by Lauren Piro in Family, July 14th, 2016
by Food Network Kitchen in Recipes, Shows, July 14th, 2016
Sometimes, no matter how many recipes, tools and ideas you have, cooking is not the easiest task. Life catches up with us — we move to new cities, we grow our families, we start new jobs — and suddenly our everyday eating routine is totally upended.
And that is where our Kitchen Squad comes in. Katherine Alford, senior vice president of Culinary at Food Network, and Amanda Hesser and Merrill Stubbs, co-founders of Food52, are here to help two women (and, by proxy, you!) with their biggest kitchen troubles.
by Elizabeth Brownfield in Recipes, July 14th, 2016
By Angela Carlos
This week on Chopped Junior we saw the contestants battle the clock and each other through three rounds of dishes that challenged the young cooks’ ability to balance flavors.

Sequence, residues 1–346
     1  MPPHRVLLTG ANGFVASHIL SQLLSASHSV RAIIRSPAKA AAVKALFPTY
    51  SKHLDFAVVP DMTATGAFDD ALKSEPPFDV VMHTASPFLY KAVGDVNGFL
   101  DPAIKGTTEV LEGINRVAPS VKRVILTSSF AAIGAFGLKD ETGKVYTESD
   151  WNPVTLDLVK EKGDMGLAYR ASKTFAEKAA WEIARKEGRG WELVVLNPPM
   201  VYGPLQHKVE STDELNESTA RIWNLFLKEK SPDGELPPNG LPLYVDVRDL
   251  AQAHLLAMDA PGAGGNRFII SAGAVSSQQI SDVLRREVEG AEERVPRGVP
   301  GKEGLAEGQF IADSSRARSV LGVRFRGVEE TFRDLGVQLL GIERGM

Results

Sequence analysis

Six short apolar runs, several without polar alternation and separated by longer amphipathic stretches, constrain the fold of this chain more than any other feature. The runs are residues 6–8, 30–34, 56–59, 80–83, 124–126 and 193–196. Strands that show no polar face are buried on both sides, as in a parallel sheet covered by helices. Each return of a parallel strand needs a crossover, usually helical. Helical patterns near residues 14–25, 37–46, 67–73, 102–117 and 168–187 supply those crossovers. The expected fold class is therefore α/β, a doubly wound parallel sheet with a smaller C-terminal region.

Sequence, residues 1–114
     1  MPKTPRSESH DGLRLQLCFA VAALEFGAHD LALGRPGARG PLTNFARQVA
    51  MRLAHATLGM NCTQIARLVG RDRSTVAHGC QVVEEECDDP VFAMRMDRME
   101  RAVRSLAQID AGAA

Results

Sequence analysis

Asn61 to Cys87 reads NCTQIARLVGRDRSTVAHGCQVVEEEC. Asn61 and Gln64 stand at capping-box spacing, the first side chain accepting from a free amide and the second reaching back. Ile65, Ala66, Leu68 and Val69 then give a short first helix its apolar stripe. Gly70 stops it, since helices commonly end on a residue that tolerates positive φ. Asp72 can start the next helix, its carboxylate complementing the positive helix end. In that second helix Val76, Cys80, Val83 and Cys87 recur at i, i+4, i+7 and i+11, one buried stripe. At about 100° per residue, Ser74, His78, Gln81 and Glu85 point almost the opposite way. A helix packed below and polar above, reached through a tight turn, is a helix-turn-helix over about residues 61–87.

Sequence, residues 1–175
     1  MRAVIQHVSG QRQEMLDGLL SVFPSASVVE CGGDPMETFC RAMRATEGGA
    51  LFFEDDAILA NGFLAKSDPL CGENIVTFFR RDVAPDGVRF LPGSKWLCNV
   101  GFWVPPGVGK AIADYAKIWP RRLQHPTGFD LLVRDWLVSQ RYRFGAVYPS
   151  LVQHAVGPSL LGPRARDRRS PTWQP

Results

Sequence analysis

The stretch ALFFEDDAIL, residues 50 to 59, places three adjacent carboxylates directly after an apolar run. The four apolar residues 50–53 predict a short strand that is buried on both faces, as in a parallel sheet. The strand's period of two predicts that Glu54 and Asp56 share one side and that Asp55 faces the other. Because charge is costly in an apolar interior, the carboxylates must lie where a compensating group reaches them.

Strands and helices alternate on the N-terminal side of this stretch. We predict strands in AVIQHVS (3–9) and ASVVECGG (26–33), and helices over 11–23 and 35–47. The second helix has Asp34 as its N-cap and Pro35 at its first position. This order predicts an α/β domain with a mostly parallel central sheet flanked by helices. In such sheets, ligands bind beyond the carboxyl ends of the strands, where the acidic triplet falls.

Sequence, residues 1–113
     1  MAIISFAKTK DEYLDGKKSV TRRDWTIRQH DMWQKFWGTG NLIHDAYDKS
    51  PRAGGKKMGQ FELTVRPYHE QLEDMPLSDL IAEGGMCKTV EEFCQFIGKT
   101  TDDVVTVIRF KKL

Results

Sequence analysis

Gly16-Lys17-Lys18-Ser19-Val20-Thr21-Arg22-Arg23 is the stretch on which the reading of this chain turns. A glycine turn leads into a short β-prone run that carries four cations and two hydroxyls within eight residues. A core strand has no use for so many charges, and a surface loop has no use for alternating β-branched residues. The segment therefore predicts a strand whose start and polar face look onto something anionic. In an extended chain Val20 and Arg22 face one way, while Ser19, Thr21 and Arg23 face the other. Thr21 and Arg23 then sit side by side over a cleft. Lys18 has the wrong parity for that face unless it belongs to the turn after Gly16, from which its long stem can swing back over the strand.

In each round of mystery basket ingredients, sweet and savory items upped the ante. In Round 1, the bacon soda and maraschino cherries needed to be neutralized so they wouldn’t overpower the smoked chicken breasts and bitter puntarelle. In the entree course, the sweet grape mini balloon dogs challenged the contestants to incorporate sweetness with their gamey goat, and in the dessert round, the final two struggled to work farmhouse cheddar cheese and duck fat into their caramel-apple-dominated desserts.
by Allison Milam in Recipes, July 14th, 2016
We may not have scientific proof of it, but around here we consider it a fact that certain foods simply taste better in the great outdoors. And nothing is better than a flame-kissed meal enjoyed around the campfire it was cooked on after a long hike or a lake swim … or merely after the exertion of figuring out how to put up a tent. All these recipes would be delicious cooked in an oven or stovetop, but they’re no doubt improved by the hint of smoke and crackle of flames that a campfire imparts, paired with an epic view.
Guy Fieri’s pro camping tip: Make toasted, melty sandwiches by stuffing Pullman bread with camping leftovers and cooking over hot coals in a sandwich press (pictured above). Go savory with combos like chili and cheese, pepperoni and marinara, and mac ‘n’ cheese with bacon, or whip up a dessert ‘wich with cream cheese and berry preserves, or peaches and ricotta. Read more